The enactment of The Patient Protection and Affordable Care Act (PPACA) into legislation in March 2010 not only provides nurses with new opportunities aimed at delivering care, but enables nurses to play an integral role in leading change. The two key nursing provisions we will seek to discuss for this section is Primary Care Workforce and Indian Health. On primary Care Workforce, PPACA heavily invests in the expansion of community health centers with an investment of $11 billion and the National Health Service Corps with an investment of $1.5 billion. This changes will not only double the number of patients served, but also significantly increase health center patients (Huntington, Covington, Center, Covington, & Manchikanti, 2011). This implies that the medically underserved populations will have access to primary health care. On the Indian Health, PPACA gives Indian health care focused attention which aims at improving the performance of health and healthcare programs. This is achieved through targeting public health and health investments to specific subpopulations in form of school-based health centers and oral health-care prevention activities amongst others.
As regards to how the two provisions have impacted or will impact the current practice of nursing, there will be increased funding for education for nurses planning to work in underserved areas consequently alienating or reducing the shortage of primary health-care professionals and increasing access to primary health care. On the Indian Health, improved performance of health and health-care programs will achieve better patient outcomes at more reasonable costs while also ensuring provision of end-of-life care emphasizing on compassion and comfort.
Following the enacting of The Patient Protection and Affordable Care Act of 2010 (PPACA), there was need to develop integrated care delivery models. Models that would effectively manage both the quality and running of the health care. One such model is the Accountable Care Organizations (ACOs). ACO originated from Medicare. PPACA provides for allocation of shared saving between ACO and the Medicare. The model basically provides a framework for collaboration among all involved parties to health care delivery like the primary care clinicians, specialists, the hospital and other stakeholders. The model provides for acceptance of joint responsibility as regards the quality of care and the costs involved (McClellan, McKethan, Lewis, Roski, & Fisher, 2010). A bonus is provided on meeting certain quality and savings targets. As required by the statutory requirements, the services and care provided by registered nurses will be essential to the success of ACOS. The early versions of ACOs are hospital or physician centered. As regards to leadership, an ACO encourages greater nursing leadership as well as open participation.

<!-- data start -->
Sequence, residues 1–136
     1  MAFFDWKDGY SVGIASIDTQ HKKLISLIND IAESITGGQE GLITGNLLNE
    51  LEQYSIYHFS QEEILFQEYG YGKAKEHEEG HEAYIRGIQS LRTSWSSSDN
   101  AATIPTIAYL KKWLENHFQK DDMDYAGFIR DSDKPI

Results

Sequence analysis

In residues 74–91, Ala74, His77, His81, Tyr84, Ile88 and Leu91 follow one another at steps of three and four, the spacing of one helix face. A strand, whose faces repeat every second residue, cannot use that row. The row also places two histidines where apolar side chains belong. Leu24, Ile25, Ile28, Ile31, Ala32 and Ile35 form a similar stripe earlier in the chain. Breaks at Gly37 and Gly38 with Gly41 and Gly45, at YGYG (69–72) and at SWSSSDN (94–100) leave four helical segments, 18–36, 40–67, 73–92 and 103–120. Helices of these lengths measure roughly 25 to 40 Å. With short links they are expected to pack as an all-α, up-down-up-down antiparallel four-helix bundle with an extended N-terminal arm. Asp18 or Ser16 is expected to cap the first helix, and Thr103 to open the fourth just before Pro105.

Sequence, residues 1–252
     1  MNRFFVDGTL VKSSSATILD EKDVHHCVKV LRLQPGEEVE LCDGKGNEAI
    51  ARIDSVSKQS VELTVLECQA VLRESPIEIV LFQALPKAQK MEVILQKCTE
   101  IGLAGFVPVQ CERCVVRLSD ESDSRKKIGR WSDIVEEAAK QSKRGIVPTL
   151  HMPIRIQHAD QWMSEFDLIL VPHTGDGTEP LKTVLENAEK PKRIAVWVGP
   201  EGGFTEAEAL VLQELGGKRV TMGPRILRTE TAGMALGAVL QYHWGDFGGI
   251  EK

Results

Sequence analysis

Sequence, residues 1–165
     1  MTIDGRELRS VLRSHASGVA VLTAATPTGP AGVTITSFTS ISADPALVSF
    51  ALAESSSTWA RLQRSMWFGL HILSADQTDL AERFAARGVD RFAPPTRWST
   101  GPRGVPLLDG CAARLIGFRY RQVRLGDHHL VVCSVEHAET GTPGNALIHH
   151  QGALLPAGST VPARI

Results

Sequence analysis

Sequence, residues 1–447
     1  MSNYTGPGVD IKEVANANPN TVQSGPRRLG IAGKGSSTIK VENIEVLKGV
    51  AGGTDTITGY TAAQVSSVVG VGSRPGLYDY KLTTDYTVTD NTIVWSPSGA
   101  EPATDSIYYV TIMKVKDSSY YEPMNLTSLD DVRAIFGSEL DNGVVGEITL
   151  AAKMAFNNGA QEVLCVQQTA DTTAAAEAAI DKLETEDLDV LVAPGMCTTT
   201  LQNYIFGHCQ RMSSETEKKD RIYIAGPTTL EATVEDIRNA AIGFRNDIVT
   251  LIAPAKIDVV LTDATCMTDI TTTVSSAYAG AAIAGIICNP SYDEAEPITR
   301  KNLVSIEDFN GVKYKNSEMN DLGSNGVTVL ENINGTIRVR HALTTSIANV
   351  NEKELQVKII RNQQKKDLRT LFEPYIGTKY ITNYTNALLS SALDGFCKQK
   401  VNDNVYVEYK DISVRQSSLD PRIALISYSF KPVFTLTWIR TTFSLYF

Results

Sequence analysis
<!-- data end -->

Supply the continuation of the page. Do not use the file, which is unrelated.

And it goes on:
The model is advantageous to patient outcomes given that nurses and clinical specialists are provided with leadership responsibilities within the model which is extremely important when providing care in underserved areas. On coordinated care plans, the model enables collaboration of registered nurses with primary care nurse providers (Berwick, & Hackbarth, 2012). Additionally, the model provides a platform supporting a continuous feedback loop with the collection of more data on the quality and efficacy of nurse-led care.
- Berwick, D. M., & Hackbarth, A. D. (2012). Eliminating waste in US health care. Jama, 307(14), 1513-1516.
- Cimiotti, J. P., Aiken, L. H., Sloane, D. M., & Wu, E. S. (2012). Nurse staffing, burnout, and health care-associated infection. American journal of infection control, 40(6), 486-490.
- Huntington, W. V., Covington, L. A., Center, P. P., Covington, L. A., & Manchikanti, L. (2011). Patient Protection and Affordable Care Act of 2010: reforming the health care reform for the new decade. Pain Physician, 14(1), E35-E67.
- McClellan, M., McKethan, A. N., Lewis, J. L., Roski, J., & Fisher, E. S. (2010). A national strategy to put accountable care into practice. Health Affairs, 29(5), 982-990.